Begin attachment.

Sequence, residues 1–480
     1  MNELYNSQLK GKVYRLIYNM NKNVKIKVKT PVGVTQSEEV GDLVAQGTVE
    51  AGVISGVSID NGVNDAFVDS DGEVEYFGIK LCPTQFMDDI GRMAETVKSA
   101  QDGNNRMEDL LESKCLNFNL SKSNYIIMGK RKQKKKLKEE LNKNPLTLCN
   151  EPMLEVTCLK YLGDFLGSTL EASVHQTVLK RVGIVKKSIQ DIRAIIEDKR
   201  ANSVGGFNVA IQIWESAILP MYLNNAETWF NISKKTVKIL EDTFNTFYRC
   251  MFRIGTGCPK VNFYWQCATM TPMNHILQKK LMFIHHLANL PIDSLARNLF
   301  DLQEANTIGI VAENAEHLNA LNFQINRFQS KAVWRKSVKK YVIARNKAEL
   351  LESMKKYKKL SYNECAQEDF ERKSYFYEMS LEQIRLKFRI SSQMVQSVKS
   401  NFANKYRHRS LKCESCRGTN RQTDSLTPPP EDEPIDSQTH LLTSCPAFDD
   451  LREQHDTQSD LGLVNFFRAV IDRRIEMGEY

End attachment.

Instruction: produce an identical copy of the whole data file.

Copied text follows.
Sequence, residues 1–480
     1  MNELYNSQLK GKVYRLIYNM NKNVKIKVKT PVGVTQSEEV GDLVAQGTVE
    51  AGVISGVSID NGVNDAFVDS DGEVEYFGIK LCPTQFMDDI GRMAETVKSA
   101  QDGNNRMEDL LESKCLNFNL SKSNYIIMGK RKQKKKLKEE LNKNPLTLCN
   151  EPMLEVTCLK YLGDFLGSTL EASVHQTVLK RVGIVKKSIQ DIRAIIEDKR
   201  ANSVGGFNVA IQIWESAILP MYLNNAETWF NISKKTVKIL EDTFNTFYRC
   251  MFRIGTGCPK VNFYWQCATM TPMNHILQKK LMFIHHLANL PIDSLARNLF
   301  DLQEANTIGI VAENAEHLNA LNFQINRFQS KAVWRKSVKK YVIARNKAEL
   351  LESMKKYKKL SYNECAQEDF ERKSYFYEMS LEQIRLKFRI SSQMVQSVKS
   401  NFANKYRHRS LKCESCRGTN RQTDSLTPPP EDEPIDSQTH LLTSCPAFDD
   451  LREQHDTQSD LGLVNFFRAV IDRRIEMGEY